North Dakota Game and Fish Department fisheries biologists have completed fall reproduction surveys and most waters fared as good as or better than expected.
Scott Gangl, Department fisheries management section leader, said Lake Sakakawea had the eighth highest catch of young-of-the-year walleye on record.
“There was good reproduction of most game species in the big lake, as we saw healthy numbers of pike, perch, smallmouth bass, white bass, crappies and walleye,” Gangl said. “And it’s the second year in a row of good walleye reproduction, which isn’t a surprise considering the high water is resulting in an abundance of food and habitat for the young fish.”
Lake Oahe showed good reproduction of walleye this year, which Gangl said is not necessarily a good thing. “This is the fourth good year class out of the last five years, leaving a lot of small fish out there right now,” he added. “Lake Oahe is lacking forage which causes fish to grow slower than they should.”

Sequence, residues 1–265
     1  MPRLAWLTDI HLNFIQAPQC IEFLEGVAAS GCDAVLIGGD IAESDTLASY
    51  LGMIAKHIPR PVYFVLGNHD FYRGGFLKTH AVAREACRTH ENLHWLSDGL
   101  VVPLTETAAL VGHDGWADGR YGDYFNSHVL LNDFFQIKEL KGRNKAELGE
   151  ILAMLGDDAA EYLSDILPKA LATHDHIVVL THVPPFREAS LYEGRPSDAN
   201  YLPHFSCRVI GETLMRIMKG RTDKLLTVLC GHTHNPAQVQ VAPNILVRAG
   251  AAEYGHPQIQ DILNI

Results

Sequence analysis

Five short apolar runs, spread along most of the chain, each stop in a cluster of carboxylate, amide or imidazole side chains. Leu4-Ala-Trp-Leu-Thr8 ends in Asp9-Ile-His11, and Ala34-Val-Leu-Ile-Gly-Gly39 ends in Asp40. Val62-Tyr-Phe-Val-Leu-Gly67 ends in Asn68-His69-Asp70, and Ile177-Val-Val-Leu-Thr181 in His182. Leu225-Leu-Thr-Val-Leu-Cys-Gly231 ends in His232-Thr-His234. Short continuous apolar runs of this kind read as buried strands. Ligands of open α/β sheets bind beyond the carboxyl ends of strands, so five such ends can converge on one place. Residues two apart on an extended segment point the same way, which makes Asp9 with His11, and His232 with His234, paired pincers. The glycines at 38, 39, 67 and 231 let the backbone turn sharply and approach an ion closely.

Gangl said while there was some indication of gizzard shad reproduction in Lake Oahe in 2017, there wasn’t much this year. “The cold winter didn’t allow for much survival with this forage fish,” he said.
Devils Lake saw fair to good numbers of walleye, with the catch close to average even though Game and Fish didn’t stock any walleye in the fishery this year. “The end result was all from natural reproduction,” Gangl said.
Sampling results on smaller lakes generally vary from lake to lake. The common theme mentioned this year from fisheries personnel across the state is that the young-of-the-year fish were larger than normal. “This is significant because bigger fish generally have a better chance of surviving through the first winter,” Gangl said, “and that’s an important step in getting to a catchable size in the future.”
Reproduction surveys evaluate natural reproduction, stocking success and forage abundance.